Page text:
Women and Firefighting Australasia 2016: Right place. Right time
In November 2015, during his swearing in ceremony, the Canadian Prime Minister Justin Trudeau made a statement about how his new cabinet ‘Looks like Canada today.’ When asked why was it so important to have a cabinet with a gender balance his reply was succinct: ‘Because it’s 2015’!
As much as that made the world sit up, take notice and praise Trudeau and his new style of inclusive leadership, we had heard this same simple statement a year earlier. At the 2014 Women and Firefighting Australasia Inc. (WAFA) conference held in the ACT, two Fire Service Commissioners made a point during their presentations that they would ‘…put in place measures to ensure parity in the recruitment process for their respective services.’ One could be forgiven for thinking that that’s nothing new. ‘We’ve heard it all before.’ It’s to be expected: the head of an Emergency Services organisation drops in at another Emergency Services conference, looks at the theme and says exactly what the delegates want him to say. End of story!
Not Quite. But let’s see how far we’ve come!
Women and Firefighting Australasia Inc was established as Women in Fire Fighting (Australia) in 2005. In May that year, the inaugural Women in Fire Fighting (WIFF) Forum was held at the Holiday Inn at Sydney Airport to celebrate a century of Australian female fire-fighting and to broach issues often considered but seldom publicly discussed: Fire Service diversity and inclusion. The convenor of that event was Dr Merilyn Childs, who currently maintains one of the most important digital archives relating to diversity in fire-fighting in Australia and is a life member of WAFA. It must have been challenging for Merilyn to pull together enough delegates to discuss their passion for fire-fighting, the historical significance of the occasion, as well as what the future had in store for the women who would follow in the footsteps of Australia’s pioneering female fire-fighters, the Amazons 1901-1903 and the Women’s Fire Auxiliary 1941-1945.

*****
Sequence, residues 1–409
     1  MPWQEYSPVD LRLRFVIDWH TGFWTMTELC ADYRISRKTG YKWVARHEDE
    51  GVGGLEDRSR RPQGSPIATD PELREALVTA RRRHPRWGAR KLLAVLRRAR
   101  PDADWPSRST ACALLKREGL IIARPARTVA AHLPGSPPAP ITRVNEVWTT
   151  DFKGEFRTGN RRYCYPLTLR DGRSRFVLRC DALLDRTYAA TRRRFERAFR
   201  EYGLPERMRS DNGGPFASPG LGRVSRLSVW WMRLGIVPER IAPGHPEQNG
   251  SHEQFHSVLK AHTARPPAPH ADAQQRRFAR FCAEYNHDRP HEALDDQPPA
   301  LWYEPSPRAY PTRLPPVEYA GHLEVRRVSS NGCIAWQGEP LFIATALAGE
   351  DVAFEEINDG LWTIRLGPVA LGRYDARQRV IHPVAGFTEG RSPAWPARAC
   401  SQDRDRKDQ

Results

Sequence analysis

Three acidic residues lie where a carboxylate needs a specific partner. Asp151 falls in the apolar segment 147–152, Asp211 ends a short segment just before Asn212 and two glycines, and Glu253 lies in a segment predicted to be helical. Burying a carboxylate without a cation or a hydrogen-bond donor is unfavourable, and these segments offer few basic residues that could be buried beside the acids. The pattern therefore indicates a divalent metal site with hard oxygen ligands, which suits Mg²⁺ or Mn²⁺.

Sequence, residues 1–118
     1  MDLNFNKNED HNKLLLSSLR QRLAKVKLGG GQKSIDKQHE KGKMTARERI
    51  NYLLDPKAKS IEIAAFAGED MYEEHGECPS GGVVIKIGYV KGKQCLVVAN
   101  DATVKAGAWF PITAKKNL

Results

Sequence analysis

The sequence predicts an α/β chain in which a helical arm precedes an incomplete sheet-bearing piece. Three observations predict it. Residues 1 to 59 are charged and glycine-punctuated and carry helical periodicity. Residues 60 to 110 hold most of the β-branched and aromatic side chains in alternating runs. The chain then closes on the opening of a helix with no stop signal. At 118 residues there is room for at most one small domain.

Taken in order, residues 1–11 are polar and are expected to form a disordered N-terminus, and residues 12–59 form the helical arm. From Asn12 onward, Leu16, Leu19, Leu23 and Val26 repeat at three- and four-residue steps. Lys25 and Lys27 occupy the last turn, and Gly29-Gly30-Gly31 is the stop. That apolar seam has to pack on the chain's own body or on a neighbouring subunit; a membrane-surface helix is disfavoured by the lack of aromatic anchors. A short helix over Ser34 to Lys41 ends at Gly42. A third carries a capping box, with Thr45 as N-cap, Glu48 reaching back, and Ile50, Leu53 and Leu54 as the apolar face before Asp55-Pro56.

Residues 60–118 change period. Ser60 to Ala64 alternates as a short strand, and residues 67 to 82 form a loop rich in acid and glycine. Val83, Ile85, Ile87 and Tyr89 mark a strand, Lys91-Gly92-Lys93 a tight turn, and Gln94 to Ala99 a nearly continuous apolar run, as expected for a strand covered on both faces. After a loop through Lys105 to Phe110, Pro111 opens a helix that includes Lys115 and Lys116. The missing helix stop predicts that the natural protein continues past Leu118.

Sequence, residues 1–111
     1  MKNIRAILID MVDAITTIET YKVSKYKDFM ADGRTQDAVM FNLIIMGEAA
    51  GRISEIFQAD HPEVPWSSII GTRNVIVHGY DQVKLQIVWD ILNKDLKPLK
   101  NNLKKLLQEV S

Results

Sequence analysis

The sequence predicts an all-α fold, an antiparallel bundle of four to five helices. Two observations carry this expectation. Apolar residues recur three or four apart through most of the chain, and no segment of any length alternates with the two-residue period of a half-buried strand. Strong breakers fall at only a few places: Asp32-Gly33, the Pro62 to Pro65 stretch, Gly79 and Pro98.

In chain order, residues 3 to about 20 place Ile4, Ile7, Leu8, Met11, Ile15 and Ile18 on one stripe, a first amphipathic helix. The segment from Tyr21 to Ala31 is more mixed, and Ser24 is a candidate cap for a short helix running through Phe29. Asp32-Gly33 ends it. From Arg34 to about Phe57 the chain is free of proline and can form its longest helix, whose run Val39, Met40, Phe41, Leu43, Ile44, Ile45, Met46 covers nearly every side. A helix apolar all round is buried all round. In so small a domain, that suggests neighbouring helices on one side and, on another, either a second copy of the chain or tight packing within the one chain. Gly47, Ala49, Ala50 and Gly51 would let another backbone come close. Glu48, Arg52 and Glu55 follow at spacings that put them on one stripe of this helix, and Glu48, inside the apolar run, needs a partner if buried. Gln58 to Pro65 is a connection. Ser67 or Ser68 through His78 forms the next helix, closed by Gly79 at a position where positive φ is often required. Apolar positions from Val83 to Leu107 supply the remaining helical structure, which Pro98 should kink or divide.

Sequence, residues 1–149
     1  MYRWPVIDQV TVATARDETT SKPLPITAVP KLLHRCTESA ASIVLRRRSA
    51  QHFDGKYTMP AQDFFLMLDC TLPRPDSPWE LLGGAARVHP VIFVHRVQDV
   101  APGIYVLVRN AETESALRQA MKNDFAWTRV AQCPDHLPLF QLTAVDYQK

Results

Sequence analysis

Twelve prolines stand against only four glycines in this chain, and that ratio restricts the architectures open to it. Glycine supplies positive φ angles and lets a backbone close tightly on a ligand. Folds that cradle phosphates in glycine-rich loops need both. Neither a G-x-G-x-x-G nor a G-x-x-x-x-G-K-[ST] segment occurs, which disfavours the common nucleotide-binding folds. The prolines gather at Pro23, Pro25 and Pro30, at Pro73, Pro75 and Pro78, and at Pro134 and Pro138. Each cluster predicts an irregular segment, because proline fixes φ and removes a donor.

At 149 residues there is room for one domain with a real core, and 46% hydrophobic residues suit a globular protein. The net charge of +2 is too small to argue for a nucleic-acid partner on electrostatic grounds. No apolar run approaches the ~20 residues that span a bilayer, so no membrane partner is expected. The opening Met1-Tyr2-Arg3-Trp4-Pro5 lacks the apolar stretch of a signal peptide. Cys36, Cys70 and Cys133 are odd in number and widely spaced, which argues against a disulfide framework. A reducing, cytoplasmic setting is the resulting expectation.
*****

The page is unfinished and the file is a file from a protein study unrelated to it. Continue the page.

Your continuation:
Typical of forums of this type, one of the features of WIFF 2005 was the keynote presentations by the then Assistant Commissioner of the NSW Rural Fire Service, Mark Crosweller AFSM and Pru Goward, in her capacity as Sex Discrimination Commissioner at that time. Pru’s rally cry, ‘Firing Up Women’ pulled no punches as she made the case for the need for ‘diversity and inclusion’ in the emergency management sector and made it clear that if you can get gender inclusion right, then the rest would follow.
Galvanised by the combination of historical sentiment, good will and opportunity to network and share stories with colleagues who, although coming from a myriad of settings, share a passion for fire-fighting, plans for the 2006 Women In Fire Fighting Conference commenced.
Over the course of the last decade WAFA has morphed into a significant point of contact for emergency services organisations that want to strengthen their particular recruitment and inclusion strategies. Each of WAFA’s biennial conferences has been themed to encapsulate their vision, which is to ‘Promote and Celebrate Women in Firefighting’. Conferences have been held in Sydney in 2006, Victoria’s Yarra Valley in 2010, Adelaide in 2012, Canberra in 2014, and the latest in Brisbane in August 2016. Speakers at WAFA conferences range from Human Rights Commissioners to Fire Service Commissioners and every rank and role throughout member organisations. Keynote presentations are delivered by a variety of supporters, with an emphasis on positivity, empowerment and motivation.
In 2014 WAFA incorporated a Hands On Training (HOT) component to the conference program, affording delegates an experience to develop skillsets and discover equipment they may not have encountered previously. These sessions included large animal rescue, road crash rescue techniques, urban search and rescue, live fire exercises, and manual handling and lifting techniques.
The journey between 2006 and 2016 was by no means smooth, but the spirit of the mission of the collective has definitely remained consistent. WAFA (WIFF) is about celebrating the many facets that women bring to the Fire Fighting sector, in all of their diverse forms. WAFA’s focus has never been an industrial one. The focus is on leadership, healthy fellowship, operational and non-operational decision-making, ethics, human rights, personal and crew accountability, and family. This is regardless of rank or role, employment status and organisational affiliation. Members are volunteer and career, operational and corporate, strategists, researchers, and land management, forestry, and air services personnel. They come from our capital cities and our remote and rural country towns. WAFA members are from every State and Territory in Australia, New Zealand, Papua New Guinea, and Samoa, and as far as the UK and USA. WAFA membership is not gender exclusive and is truly diverse.